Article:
(123e) Aquaporin Based Biomimetic Membranes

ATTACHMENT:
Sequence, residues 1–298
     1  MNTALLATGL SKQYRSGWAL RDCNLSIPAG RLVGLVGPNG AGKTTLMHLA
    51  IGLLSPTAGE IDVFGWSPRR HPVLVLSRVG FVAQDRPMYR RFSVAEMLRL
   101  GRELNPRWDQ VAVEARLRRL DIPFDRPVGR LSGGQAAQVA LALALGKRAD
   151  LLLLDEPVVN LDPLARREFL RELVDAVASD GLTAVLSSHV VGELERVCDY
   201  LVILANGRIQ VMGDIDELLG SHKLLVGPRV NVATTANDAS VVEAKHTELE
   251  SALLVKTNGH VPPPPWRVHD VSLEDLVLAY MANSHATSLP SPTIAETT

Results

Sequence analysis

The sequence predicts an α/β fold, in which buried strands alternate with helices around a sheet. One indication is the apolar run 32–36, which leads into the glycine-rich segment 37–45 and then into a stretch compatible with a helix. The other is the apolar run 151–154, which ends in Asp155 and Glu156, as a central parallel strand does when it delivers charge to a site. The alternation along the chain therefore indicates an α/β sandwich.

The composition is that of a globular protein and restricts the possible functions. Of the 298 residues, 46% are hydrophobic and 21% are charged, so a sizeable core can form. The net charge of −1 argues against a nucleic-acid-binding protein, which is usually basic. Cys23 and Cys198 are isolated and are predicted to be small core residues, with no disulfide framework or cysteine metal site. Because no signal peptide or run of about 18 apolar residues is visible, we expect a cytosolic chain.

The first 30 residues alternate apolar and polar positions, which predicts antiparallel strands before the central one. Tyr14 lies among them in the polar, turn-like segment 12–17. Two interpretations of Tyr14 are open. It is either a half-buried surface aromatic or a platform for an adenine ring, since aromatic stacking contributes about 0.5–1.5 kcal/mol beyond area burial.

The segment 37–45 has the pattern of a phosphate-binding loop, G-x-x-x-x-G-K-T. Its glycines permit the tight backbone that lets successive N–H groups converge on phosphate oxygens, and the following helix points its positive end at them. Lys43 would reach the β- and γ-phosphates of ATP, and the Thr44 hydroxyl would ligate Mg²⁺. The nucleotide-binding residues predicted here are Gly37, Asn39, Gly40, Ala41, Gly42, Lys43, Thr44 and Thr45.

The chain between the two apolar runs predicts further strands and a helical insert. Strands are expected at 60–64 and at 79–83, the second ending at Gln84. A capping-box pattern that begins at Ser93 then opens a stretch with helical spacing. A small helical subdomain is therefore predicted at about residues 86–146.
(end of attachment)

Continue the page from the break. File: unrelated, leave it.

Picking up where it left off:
Nature has developed a most efficient way for water transport across an osmotic pressure gradient via aquaporin proteins. The aquaporins or water channel proteins, typically bound in phospholipid cellular membranes, are highly permeable to water but highly retentive to solutes. This makes the water delivery across a cell at a sufficiently low energy cost. This presentation will review the difference designs reported in the recent literature for fabricating aquaporin-based biomimetic membranes. Their advantages and potential issues will be discussed. The presentation will then focus on our latest developments in this topic. The permeability and rejection of aquaporin proteins in different vesicular structures have been characterized using stopped flow measurements. An artificial membrane has been developed to mimic the natural cellular membranes by incorporating aquaporins into an ultrathin rejection layer. The resulting aquaporin biomimetic membrane showed good mechanical stability, water permeability, and salt rejection, with strong potential for water purification, wastewater reuse and seawater desalination applications.